NAS Births Remain Elevated Halfway Through 2018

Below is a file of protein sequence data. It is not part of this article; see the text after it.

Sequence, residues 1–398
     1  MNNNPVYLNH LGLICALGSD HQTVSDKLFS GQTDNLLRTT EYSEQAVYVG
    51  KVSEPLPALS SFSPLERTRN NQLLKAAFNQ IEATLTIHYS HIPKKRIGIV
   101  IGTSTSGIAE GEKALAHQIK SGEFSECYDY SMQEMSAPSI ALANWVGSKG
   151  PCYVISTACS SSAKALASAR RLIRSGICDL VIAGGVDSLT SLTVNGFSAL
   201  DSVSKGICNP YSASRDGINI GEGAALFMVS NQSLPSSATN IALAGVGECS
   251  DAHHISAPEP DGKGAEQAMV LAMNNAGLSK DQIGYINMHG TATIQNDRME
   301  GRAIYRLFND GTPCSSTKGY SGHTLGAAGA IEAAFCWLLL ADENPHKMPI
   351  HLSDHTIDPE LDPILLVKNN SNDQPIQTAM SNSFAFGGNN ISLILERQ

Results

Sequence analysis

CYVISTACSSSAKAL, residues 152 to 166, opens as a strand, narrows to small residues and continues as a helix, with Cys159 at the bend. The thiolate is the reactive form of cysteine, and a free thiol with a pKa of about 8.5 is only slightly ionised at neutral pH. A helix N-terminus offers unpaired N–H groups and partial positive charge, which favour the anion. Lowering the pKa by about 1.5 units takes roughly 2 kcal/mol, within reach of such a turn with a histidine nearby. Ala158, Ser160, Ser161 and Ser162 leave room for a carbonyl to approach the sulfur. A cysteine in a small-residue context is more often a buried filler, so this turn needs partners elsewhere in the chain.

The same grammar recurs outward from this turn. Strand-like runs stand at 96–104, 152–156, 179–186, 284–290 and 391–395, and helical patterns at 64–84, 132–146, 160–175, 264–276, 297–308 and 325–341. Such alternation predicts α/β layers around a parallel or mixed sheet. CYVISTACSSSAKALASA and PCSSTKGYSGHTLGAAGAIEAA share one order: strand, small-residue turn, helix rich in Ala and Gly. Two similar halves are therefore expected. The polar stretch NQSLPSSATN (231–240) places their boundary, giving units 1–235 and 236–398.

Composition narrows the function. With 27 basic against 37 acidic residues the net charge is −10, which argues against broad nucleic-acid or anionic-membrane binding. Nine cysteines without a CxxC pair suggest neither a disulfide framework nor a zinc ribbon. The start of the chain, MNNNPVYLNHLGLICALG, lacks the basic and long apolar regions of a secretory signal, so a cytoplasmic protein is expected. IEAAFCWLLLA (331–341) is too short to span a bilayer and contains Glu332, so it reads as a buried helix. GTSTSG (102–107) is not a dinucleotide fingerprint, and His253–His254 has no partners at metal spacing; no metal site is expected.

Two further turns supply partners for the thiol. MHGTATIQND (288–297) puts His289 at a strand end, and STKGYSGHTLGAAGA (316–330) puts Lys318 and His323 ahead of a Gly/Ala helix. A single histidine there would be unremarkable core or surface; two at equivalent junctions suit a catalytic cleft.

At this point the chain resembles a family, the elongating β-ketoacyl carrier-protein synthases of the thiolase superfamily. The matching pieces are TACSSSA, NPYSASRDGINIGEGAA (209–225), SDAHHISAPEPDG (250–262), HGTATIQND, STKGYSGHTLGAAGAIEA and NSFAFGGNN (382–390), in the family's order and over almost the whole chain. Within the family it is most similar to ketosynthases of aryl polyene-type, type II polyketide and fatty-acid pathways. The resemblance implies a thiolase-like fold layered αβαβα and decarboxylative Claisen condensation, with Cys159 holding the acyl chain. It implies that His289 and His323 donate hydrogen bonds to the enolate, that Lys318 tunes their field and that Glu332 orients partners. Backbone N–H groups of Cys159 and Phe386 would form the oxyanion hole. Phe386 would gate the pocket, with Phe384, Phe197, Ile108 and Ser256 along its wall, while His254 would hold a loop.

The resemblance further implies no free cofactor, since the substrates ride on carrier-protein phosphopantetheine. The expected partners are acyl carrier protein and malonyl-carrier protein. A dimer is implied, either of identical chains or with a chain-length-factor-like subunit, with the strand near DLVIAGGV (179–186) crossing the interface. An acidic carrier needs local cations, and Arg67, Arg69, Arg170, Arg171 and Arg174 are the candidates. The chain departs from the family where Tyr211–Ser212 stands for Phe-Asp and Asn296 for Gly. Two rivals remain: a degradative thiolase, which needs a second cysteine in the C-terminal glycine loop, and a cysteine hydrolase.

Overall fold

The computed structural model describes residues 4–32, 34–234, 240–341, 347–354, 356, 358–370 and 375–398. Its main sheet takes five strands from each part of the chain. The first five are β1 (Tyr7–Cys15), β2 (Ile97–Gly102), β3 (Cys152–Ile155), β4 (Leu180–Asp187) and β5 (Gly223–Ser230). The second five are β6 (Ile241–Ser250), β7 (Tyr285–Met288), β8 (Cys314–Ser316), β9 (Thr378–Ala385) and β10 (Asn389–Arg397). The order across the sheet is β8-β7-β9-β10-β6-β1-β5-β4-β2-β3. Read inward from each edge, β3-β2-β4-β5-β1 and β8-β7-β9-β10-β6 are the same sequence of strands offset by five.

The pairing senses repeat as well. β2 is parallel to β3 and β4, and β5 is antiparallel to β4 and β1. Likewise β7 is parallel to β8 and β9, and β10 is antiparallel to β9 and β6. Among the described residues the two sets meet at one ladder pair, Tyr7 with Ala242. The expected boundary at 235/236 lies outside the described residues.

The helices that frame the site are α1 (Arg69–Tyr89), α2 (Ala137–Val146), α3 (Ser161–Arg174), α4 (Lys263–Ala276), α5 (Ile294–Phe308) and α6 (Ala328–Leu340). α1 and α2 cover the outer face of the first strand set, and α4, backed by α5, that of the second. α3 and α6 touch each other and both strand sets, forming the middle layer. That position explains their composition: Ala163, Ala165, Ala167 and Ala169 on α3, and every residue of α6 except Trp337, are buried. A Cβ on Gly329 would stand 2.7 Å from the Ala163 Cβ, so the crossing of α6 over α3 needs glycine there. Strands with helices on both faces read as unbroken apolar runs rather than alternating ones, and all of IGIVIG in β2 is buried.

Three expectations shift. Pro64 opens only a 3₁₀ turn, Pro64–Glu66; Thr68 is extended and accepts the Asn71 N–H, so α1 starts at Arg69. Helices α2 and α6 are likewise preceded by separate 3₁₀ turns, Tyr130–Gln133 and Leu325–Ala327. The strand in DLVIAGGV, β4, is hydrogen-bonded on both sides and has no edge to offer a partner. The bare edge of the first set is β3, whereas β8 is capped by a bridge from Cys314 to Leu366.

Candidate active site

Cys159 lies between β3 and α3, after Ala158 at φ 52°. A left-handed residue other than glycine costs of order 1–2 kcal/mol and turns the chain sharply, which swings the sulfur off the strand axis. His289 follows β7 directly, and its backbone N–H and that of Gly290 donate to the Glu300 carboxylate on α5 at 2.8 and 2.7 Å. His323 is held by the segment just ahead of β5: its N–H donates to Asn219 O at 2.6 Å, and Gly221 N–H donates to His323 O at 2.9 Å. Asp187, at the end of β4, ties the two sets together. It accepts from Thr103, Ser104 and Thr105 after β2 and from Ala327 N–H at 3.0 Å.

In 2016, the Virginia Hospital & Healthcare Association (VHHA) began tracking cases of Neonatal Abstinence Syndrome (NAS) in the Commonwealth. Our initial analysis of trend line data led us to forecast that barring a significant shift in policy and outcomes, the number of NAS births would quadruple by 2018.1 Regrettably, that ominous projection became reality in 2017, one year earlier than expected. VHHA routinely tracks NAS as a measure of maternal and infant wellbeing, and data from the first two quarters of 2018 indicates NAS rates are holding constant, neither increasing nor decreasing from comparable periods last year. NAS is characterized as a condition afflicting newborns who enter the world withdrawing from exposure to drugs in the womb due to substance use by mothers during pregnancy. The result of this exposure often leads to extended, and expensive, neonatal intensive care unit (NICU) stays for infants who experience short-term discomfort during withdrawal, and who may also face long-term developmental problems.2 NAS infants typically require three months of ambulatory care during withdrawal. In recent years, Virginia has enhanced funding for pregnant women needing substance use disorder (SUD) treatment, and focused energy on the development programs focused on NAS reduction. VHHA will continue to monitor these trends and work with policymakers and providers focused on substance use treatment and prevention efforts. (9/28)